A student washes her hands at a school in Abuja, Nigeria, March 20, 2020. Photo: Reuters/Afolabi Sotunde.
What happens when two well-known germ-killer brands get at loggerheads during a pandemic over an advertisement?
In March 2020, Hindustan Unilever Ltd. (HUL) approached the Bombay high court against Reckitt Benckiser (India) Pvt. Ltd. (RB) claiming the latter allegedly tried to denigrate their product, Lifebuoy. Specifically, HUL said RB had advertised its product, Dettol, in a way that allegedly mocked Lifebuoy’s utility, even as India’s COVID-19 epidemic was getting underway.
In RB’s advertisement, a doctor asks patients to keep away from a soap and depicts their liquid hand-wash to be more effective. The soap is shown as a red bar that resembles the shape, colour and configuration of Lifebuoy soaps. Shortly after, HUL approached the high court and sought Rs 1 crore in damages and a permanent injunction against RB.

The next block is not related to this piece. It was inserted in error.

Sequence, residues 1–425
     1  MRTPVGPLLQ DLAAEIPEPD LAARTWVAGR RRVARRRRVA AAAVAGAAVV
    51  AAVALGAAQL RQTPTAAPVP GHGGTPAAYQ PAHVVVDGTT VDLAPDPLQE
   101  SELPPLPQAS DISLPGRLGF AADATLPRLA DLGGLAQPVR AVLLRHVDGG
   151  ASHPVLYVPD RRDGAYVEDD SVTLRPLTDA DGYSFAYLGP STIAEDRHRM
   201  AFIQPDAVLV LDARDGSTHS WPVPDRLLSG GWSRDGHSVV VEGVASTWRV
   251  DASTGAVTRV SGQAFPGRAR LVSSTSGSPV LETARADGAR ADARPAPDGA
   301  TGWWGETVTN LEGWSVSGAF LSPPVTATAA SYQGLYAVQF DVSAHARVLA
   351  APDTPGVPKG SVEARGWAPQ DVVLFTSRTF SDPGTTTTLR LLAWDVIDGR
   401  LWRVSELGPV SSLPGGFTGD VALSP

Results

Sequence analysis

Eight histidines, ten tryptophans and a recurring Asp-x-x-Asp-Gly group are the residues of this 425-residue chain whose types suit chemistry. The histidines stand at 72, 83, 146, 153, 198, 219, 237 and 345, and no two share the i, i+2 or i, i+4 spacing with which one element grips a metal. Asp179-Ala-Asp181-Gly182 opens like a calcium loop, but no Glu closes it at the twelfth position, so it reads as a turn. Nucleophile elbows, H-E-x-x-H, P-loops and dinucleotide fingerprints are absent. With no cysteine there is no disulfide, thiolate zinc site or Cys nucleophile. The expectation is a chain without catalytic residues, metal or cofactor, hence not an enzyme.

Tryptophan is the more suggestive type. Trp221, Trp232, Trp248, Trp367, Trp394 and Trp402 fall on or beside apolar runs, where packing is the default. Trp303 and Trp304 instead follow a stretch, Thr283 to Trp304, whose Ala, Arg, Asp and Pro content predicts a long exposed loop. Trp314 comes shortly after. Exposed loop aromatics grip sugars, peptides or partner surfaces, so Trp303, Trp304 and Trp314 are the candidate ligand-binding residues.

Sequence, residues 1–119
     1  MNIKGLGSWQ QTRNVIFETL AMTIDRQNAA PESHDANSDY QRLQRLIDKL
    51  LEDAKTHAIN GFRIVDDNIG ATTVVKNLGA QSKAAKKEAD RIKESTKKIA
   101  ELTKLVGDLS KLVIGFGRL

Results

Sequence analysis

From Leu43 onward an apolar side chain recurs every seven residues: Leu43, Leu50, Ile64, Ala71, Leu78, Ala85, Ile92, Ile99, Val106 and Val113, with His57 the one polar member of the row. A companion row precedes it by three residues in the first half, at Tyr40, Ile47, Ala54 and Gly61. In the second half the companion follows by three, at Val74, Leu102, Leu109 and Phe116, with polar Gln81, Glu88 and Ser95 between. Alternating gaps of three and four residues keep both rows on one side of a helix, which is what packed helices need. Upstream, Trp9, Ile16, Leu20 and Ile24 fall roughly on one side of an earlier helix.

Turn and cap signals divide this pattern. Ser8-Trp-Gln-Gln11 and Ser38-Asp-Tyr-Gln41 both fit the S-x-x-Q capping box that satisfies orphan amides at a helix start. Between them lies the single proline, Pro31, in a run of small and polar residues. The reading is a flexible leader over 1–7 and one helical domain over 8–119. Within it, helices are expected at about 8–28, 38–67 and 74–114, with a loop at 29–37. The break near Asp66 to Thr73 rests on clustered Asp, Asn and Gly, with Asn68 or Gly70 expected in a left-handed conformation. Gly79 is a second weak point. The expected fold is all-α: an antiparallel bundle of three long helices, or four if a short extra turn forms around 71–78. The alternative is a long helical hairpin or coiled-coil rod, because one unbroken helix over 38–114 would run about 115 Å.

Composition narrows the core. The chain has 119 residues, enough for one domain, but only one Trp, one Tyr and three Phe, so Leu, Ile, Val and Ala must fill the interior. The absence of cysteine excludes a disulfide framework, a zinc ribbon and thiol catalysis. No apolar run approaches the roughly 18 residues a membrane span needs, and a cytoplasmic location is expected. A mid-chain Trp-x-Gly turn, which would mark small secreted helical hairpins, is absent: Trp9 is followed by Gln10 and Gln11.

A single-judge bench of the Bombay high court, headed by Justice K.R. Shriram, heard the case before the matter could venture into substantial claims and averments. RB subsequently agreed to suspend the use of the impugned ad for one month.
While we’re struggling as a nation to get our economic act together even as its people are caught between multiple medical advisories, hygiene brands saw an opportunity to tussle over advertising and increase their market shares.
According to WHO guidelines, washing hands with soap and water is an effective way to protect people from the novel coronavirus virus. So HUL contended that RB’s ad went against this wisdom, and sought to stoke panic in consumers’ minds instead of spreading awareness.
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